A new roof is one of the biggest maintenance expenses of owning a home—it can cost up to $11,000. So if you’re looking to replace your roof, you’ll want to understand how long they should last and how frequently you’ll have to account for this cost.
To put it plainly, the average roof usually lasts around 25 to 50 years. The roof’s quality, durability, and type of material chosen play a considerable role in its lifespan, too.
Here we’ll look at all of those factors and how they can affect your roof’s longevity, and what you can do to ensure your new roof lasts as long as it should.
Sun exposure, massive weather events, and your location’s general climate are all factors in your roof’s lifespan. In the Southwest where there’s high heat and intense UV rays, your roof’s materials might experience faster degradation. This area’s monsoon season can also expedite the roof’s deterioration.
Major temperature swings also shorten a roof’s lifespan. Areas like the Northeast and Pacific Northwest, where temperatures frequently go from hot to cold, can cause splits and cracks in shingles.
Wind, hail, tornados, forest fires, and other massive weather events can add more harm to your roof. And while trees aren’t necessarily weather, they can become a problem in inclement weather, so be sure you’re aware of the trees around your roof.
Different roofing materials have different lifespans which could affect how soon you need to repair your roof. Additionally, some materials don’t work well in certain locations thus speeding up their degradation. So when choosing a new roofing material, you’ll want to consider its lifespan and your location.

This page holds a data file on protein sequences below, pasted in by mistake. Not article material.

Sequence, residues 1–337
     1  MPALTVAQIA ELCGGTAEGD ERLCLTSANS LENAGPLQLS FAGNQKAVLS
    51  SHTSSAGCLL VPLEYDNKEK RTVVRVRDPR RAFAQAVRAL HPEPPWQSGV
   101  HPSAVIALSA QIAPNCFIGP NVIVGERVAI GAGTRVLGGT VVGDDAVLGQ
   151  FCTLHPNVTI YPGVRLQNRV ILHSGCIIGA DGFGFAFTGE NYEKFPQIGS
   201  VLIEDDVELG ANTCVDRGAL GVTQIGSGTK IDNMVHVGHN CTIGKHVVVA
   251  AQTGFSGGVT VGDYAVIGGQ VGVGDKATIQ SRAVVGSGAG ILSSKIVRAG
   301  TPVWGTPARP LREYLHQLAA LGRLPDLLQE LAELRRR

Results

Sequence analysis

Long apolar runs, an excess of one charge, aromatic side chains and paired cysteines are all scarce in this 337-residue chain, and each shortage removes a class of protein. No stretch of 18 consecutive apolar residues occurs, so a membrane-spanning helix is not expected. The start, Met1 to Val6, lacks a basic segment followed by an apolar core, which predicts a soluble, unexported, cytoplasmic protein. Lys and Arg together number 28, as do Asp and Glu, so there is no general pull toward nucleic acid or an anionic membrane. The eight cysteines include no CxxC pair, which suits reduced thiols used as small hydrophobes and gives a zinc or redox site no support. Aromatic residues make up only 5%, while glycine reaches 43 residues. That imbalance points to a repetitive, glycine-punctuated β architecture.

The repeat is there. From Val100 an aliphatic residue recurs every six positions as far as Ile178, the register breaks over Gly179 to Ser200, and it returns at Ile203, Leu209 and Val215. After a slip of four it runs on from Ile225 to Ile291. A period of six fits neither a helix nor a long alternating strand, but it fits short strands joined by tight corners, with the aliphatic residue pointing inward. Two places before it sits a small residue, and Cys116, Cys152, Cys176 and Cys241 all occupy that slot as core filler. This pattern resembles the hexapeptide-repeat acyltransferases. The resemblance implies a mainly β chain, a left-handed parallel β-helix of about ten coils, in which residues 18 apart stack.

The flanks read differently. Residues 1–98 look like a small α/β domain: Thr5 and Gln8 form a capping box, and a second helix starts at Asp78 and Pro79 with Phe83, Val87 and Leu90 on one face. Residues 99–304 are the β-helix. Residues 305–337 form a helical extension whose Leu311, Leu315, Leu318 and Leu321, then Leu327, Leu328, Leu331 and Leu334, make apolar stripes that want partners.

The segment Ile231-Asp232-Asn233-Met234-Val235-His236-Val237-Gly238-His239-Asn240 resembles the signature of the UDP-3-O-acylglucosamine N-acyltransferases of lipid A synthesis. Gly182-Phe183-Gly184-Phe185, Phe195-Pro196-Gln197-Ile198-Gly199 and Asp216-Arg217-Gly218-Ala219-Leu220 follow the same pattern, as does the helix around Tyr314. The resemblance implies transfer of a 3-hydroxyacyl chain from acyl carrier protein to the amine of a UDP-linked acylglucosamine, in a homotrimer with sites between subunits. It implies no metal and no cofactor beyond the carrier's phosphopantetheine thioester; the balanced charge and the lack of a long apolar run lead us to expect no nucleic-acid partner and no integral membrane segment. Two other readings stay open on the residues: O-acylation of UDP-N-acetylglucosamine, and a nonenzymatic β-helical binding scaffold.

Here is a quick breakdown of the nine popular roofing materials and their longevity:
Rubber: Rubber is another very durable material, lasting over 50 years if properly maintained.
More often than not, it’s your location, roof’s materials, and roof type that determines its lifespan—not one or the other. Of all of the most common roof types, the ones with a low slope or pitch tend to need frequent maintenance. Flat or shed roof homeowners need to be more cautious of checking for water accumulation that could lead to leaks.
If your roof type isn’t suitable for your location’s weather, you might be needing to repair or fully replace your roof sooner than expected. For example, if you live in a hurricane-prone area in a home with a gable roof, you can expect a lot of wind damage.
Like most things in life, the better your roof’s been put together the longer it will last. If your roof has misaligned shingles, gaps between shingles, or a shoddy ridge cap, then you can be sure the lifespan of your roof dropped and you’ll need to get it fixed or replaced.
The other signs of a bad roofing job include a large hump in the middle of the roof, missing shingles, and overall sloppy workmanship. It can be very clear when previous roofing contractors took many, many shortcuts.
The material life expectancy listed earlier in this article is all in instances when installed correctly. And as you could see, if any of them are installed well, you’ll have a functioning roof for decades to come.
If you’ve determined your roof is in need of a replacement, you can use HOVER to take accurate measurements that reduce project cost and time. By taking just a few photos with your smartphone, you can get a fully scaled 3D model with accurate exterior measurements for the roof, siding, and all openings. This helps contractors quickly provide precise pricing estimations and visualize different materials and colors for homeowners.
With HOVER, you take the guesswork out of the process and are able to visualize your projects before they start.
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